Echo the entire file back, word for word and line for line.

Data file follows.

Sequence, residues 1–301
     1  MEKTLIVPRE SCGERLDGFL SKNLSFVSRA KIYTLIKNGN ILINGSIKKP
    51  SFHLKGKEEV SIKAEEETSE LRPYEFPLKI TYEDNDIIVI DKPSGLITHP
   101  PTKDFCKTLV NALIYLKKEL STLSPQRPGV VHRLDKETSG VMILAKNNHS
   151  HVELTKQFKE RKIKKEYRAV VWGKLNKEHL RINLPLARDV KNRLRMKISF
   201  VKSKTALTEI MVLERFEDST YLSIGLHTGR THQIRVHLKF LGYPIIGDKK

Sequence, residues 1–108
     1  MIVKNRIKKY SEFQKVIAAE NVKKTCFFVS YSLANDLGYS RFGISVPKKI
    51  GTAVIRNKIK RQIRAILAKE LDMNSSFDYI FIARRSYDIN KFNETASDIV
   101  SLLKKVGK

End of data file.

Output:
Sequence, residues 1–301
     1  MEKTLIVPRE SCGERLDGFL SKNLSFVSRA KIYTLIKNGN ILINGSIKKP
    51  SFHLKGKEEV SIKAEEETSE LRPYEFPLKI TYEDNDIIVI DKPSGLITHP
   101  PTKDFCKTLV NALIYLKKEL STLSPQRPGV VHRLDKETSG VMILAKNNHS
   151  HVELTKQFKE RKIKKEYRAV VWGKLNKEHL RINLPLARDV KNRLRMKISF
   201  VKSKTALTEI MVLERFEDST YLSIGLHTGR THQIRVHLKF LGYPIIGDKK

Sequence, residues 1–108
     1  MIVKNRIKKY SEFQKVIAAE NVKKTCFFVS YSLANDLGYS RFGISVPKKI
    51  GTAVIRNKIK RQIRAILAKE LDMNSSFDYI FIARRSYDIN KFNETASDIV
   101  SLLKKVGK